I also got into a new (to me) German band from the 70s / 80s era called Novalis. The record pictured at the top was rescued from a Goodwill and is my favorite so far - titled "Visionen". It's an all-instrumental album whereas the others feature vocals in the German language. Very progressive stuff and how can you say no to a great looking record label like "Brain"? I could get addicted to this stuff, easily!

A couple of new colored-vinyl reissues walked in the door this summer as well. The Silver Apples record sounds great though I don't have an original to compare. The reissue was beautifully put together by Jackpot Records who seem to be making a play for the reissue market (though somehow there is a Universal Music logo on the thing as well). Jackpot also put out the early Wipers LPs with nice tip-on sleeves and well-pressed vinyl.

The Judy Henske / Jerry Yester "Farewell Aldebaran" reissue is also not to be missed! Excellent sound and a nice package (complete with booklet with new interviews and pictures). For this title I do have an original copy and I can report this new reissue gives the original a run for the money. I think the CD version also has some bonus tracks so I reckon that will end up in the mail somewhere along the way too. Well worth the listening time to hear this excellent, groundbreaking quirky classic!
 Some new sounds have hit the turntable as well - such as the new Ryley Walker LP - "Golden Sings That Have Been Sung". A good friend hooked me up with this along with the record pictured below:
 This project was titled "Electric Ladyland Redux" - a re-recording of the entire Jimi Hendrix classic by various new bands. Now, I will admit to being one of the more skeptical listeners when it comes to projects like this, but one earful blew any skepticism right out of my skull! A major highlight was the excellent cover of "Voodoo Chile" by the band All Them Witches. These folks NAILED this track - just perfect. The overall sound of the record and pressing quality is top-notch as well. Available from Magnetic Eye Records.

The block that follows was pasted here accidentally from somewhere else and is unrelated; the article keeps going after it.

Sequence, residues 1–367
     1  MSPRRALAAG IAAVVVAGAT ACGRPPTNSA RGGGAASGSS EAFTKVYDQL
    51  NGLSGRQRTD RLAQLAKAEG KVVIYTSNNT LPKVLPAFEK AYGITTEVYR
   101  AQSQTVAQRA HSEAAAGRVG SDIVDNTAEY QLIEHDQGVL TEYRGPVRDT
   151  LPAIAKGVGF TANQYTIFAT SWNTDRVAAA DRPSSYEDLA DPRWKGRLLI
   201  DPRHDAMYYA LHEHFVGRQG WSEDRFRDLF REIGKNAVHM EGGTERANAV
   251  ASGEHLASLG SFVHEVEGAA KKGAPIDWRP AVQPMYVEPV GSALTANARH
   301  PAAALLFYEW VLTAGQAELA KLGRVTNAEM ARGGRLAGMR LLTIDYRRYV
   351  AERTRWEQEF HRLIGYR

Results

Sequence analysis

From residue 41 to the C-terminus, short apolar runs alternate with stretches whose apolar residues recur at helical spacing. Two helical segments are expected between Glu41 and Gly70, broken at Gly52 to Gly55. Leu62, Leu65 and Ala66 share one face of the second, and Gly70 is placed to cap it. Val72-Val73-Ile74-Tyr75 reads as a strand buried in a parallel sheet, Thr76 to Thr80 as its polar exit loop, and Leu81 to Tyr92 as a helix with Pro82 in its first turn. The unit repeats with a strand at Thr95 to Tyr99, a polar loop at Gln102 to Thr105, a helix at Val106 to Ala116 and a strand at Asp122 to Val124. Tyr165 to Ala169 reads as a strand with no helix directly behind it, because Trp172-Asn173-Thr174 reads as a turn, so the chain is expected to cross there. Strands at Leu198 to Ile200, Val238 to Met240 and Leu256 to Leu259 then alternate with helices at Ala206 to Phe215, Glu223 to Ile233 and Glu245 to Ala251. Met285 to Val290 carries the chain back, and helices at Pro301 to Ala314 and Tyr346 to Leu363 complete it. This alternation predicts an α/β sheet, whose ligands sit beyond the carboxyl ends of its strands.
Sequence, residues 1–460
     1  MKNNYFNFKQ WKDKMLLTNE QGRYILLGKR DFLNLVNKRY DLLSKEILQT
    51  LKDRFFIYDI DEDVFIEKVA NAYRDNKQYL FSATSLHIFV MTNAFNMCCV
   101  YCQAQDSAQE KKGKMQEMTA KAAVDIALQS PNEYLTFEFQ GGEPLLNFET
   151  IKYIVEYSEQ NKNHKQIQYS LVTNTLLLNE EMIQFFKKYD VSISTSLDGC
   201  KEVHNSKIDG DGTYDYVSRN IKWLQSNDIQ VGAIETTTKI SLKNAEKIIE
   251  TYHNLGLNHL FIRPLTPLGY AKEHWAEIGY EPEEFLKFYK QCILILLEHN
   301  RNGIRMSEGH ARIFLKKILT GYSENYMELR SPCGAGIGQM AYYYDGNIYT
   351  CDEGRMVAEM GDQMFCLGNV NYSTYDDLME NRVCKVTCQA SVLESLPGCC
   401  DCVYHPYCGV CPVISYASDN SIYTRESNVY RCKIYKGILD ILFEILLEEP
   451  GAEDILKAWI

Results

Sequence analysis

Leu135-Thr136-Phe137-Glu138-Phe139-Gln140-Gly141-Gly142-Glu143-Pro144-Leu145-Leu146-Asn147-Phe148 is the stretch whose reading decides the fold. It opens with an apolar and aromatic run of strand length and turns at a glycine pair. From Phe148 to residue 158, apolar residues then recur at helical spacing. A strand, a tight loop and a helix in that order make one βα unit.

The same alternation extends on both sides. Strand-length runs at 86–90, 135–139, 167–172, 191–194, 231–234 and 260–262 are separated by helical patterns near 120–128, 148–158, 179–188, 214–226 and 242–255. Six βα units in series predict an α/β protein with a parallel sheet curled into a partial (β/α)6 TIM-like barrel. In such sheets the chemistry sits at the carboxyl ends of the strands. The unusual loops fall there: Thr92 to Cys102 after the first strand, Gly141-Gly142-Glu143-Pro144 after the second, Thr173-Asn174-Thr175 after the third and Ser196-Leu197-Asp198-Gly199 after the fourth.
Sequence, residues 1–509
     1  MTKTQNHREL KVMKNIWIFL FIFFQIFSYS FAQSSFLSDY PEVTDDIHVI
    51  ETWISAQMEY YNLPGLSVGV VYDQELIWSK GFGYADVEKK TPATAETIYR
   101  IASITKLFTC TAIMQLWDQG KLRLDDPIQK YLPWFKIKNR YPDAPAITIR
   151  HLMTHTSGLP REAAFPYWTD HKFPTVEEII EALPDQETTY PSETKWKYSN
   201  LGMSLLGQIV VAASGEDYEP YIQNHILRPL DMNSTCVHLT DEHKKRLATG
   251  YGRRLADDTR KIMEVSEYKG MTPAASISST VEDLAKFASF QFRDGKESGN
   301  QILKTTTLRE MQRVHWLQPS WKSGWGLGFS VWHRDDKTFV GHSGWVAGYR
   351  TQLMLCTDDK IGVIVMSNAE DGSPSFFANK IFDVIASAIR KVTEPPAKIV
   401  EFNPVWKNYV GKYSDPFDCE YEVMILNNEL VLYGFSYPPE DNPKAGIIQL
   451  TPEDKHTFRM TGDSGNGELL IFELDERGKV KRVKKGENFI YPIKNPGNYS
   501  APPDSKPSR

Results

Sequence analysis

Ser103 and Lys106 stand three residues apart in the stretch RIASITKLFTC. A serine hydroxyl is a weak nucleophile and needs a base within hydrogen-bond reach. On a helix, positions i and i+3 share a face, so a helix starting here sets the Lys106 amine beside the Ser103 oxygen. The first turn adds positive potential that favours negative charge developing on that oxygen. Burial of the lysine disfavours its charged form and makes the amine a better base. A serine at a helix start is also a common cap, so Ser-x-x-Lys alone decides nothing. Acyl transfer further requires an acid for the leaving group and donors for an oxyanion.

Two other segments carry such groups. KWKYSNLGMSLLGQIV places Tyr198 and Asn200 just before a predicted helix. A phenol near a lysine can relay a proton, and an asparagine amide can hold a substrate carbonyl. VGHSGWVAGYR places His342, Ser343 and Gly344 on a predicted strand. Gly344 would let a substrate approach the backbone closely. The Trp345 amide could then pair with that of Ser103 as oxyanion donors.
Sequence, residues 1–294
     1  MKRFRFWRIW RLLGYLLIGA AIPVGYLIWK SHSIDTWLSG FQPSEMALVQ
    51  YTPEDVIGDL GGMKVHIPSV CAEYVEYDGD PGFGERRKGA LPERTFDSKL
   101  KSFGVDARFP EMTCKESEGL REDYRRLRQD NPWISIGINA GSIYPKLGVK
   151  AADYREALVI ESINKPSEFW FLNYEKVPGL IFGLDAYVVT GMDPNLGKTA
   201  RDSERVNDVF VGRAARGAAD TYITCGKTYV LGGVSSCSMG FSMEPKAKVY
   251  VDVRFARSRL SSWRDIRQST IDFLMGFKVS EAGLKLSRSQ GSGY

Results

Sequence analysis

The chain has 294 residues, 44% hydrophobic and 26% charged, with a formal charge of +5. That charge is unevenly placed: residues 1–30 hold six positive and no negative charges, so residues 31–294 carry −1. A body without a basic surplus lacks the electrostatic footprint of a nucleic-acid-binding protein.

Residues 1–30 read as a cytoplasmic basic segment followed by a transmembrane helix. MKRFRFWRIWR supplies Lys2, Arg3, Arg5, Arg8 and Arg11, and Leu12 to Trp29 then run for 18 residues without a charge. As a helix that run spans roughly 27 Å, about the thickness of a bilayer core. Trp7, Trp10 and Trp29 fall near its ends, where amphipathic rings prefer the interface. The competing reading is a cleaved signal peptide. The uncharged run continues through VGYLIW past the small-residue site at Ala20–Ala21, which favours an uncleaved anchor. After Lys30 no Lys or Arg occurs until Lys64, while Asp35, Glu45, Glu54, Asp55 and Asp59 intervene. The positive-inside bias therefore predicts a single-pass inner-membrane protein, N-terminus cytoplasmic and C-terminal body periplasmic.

I found this Rainbow Jackson album - Perpetual Summer - in a thrift store. It happens to be #171 of a limited edition run of 500 pressed. Had no idea what the music was like, but I took a chance since it looked interesting. Very good melodic / indie / hard rock. Good playing, solid songs and a pretty radio-friendly sound. This band is from LA and I'd check them out live if I ever see 'em in this neck of the woods.

The other night I had fun doing some extreme genre-hopping between Black Sabbath, Skeeter Davis and John Hiatt. Three of my favorite records by anybody. I may be in the minority, but I tend to like Sabbath with Dio singing more than Ozzy (though Ozzy's voice is so iconic on those classic albums - can't deny that). For me, though, Dio remains in the top 3 of my favorite metal / hard rock singers of all time. Sometimes he's #1.

Skeeter Davis, likewise, is one of my favorite country singers. Of course I am biased a bit since she was a part of the NRBQ extended family (being married to Joey Spampinato for a good number of years). I really enjoyed reading her autobiography "Bus Fare To Kentucky" years ago and have a number of her albums in the stacks. RIP Skeeter!

And the last album pictured is the great John Hiatt comeback album of the late 80s. The story behind "Bring The Family" is so unlikely - he'd burned every bridge in the years leading up to this record and, newly clean and sober, was given one last chance at a record deal. Not only does he deliver, but he starts a run of albums with songs so brilliant it's mind-boggling. Like this one - if this song doesn't getcha you must have a HOLE in yo' SOUL!
John Hiatt will serve as the link to Part Two of What I Listened to This Summer following shortly. There's more to tell especially with reasons to keep Compact Discs on your radar - fantastic sounds to be had for cheap out there, people! Until next time - keep listening!!!